At Cincinnati Children’s Hospital, our state of the art research team has prioritized finding the best treatment and eventual CURE for EGID. As such, we have determined that most EGID sufferers are allergic individuals who have sensitization to multiple food and airborne allergens. Because of the link with allergy, most patients with EGID have been found to benefit by removing their exposure to the offending allergens. Unfortunately, this often means very restricted diets for EGID sufferers, sometimes necessitating a formula diet and feeding through artificial tubes allowing for proper caloric and nutritional intake. Research involves collecting comprehensive information from patients and their families including environmental exposures and the presence of other diseases and symptoms in patients and their family members. This has led to the finding that EGID often runs in families. We are currently studying the environmental and genetic factors that are responsible for this familial association.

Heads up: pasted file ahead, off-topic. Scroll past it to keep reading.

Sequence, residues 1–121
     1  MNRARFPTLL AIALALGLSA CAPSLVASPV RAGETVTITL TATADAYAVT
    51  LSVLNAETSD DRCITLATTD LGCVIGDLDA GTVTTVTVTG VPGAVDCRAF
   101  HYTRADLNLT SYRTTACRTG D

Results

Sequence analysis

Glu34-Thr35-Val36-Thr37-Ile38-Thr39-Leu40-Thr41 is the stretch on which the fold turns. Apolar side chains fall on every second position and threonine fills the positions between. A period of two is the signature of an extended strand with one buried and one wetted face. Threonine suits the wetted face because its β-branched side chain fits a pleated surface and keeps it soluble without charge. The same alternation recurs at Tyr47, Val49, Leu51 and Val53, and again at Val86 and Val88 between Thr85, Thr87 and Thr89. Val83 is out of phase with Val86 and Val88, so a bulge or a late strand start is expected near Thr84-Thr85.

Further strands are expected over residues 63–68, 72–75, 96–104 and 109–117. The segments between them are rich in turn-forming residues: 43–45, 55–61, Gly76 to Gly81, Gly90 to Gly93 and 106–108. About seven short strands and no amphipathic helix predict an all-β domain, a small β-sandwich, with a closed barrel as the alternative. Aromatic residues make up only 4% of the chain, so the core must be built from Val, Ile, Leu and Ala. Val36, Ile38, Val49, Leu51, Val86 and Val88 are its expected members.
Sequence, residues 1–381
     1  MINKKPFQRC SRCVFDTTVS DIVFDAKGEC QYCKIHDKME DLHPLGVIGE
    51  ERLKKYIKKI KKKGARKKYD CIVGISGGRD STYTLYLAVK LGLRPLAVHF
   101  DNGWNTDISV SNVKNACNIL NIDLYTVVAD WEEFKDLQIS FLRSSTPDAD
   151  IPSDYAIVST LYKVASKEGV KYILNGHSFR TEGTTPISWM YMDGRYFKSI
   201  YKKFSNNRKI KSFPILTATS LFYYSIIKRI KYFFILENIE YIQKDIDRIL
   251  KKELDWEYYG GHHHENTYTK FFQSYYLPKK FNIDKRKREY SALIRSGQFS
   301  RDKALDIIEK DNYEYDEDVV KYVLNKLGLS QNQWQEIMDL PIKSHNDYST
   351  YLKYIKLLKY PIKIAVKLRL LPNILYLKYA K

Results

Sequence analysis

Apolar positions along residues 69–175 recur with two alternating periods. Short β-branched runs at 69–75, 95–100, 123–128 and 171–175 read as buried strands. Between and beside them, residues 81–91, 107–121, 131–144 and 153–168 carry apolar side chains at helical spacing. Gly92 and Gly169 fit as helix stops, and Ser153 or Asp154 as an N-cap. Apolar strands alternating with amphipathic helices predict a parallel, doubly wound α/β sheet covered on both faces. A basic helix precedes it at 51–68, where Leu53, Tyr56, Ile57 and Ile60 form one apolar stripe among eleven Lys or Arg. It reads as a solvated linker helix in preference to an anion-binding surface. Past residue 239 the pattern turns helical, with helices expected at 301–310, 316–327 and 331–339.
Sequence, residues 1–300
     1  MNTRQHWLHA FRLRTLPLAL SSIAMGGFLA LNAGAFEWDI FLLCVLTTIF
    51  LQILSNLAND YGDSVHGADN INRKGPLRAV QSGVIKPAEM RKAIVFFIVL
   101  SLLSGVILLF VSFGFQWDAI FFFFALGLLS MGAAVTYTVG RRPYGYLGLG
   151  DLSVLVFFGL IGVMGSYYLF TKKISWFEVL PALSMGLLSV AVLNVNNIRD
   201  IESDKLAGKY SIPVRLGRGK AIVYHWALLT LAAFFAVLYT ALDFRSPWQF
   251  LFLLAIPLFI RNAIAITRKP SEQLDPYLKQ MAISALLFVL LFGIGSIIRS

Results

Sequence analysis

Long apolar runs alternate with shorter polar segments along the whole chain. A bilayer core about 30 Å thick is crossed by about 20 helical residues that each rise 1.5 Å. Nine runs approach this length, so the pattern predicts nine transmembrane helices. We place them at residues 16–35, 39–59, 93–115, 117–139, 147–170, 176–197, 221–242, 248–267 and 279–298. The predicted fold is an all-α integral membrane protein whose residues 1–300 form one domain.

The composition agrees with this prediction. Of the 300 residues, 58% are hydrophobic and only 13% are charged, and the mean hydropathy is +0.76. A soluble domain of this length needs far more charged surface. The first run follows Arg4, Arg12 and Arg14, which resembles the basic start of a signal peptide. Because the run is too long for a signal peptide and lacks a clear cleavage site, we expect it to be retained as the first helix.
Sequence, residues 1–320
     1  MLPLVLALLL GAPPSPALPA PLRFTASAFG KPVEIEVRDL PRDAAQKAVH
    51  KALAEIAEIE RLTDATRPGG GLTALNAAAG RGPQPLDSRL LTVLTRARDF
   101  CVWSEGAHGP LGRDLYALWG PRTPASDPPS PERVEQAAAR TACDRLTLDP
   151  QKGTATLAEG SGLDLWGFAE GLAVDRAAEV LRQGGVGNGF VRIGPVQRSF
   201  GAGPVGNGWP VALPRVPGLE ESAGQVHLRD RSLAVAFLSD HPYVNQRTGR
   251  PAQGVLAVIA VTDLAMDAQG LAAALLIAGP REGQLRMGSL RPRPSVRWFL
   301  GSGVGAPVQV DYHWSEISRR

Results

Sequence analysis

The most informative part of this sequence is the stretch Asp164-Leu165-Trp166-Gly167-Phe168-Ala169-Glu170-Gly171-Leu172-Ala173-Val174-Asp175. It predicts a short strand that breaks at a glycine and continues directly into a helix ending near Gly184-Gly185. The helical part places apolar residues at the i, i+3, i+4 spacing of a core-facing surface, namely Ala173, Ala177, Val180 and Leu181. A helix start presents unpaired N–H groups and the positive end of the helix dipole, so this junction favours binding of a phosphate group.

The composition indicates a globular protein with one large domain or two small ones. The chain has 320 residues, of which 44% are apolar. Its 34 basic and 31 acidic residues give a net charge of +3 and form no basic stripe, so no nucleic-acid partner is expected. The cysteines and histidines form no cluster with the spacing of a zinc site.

We extend our care in a holistic approach by collecting genetic material (DNA) from patients and their family members. Using data from the human genome project, and state of the art DNA chips, we are rapidly characterizing the spectrum of factors involved in the cause of the disease. For example, we are identifying the specific factors that control the formation and activation of eosinophils. In particular, the proteins that regulate eosinophil growth (interleukin-5 also know as IL-5) and accumulation (eotaxin) have been identified and drugs that interfere with their function are being tested in pre-clinical models, as well as patients. Research studies also involve testing the effect of dietary modifications and the optimal application of currently available medications for EGID therapy. Notably, we are finding that medicines used to treat allergies, such as asthma inhalers, can benefit EGID sufferers. Our research team is working in conjunction with the F.D.A. and various companies to carry out clinical trials designed to find a rapid and effective treatment for EGID. Our current findings are promising and cutting edge.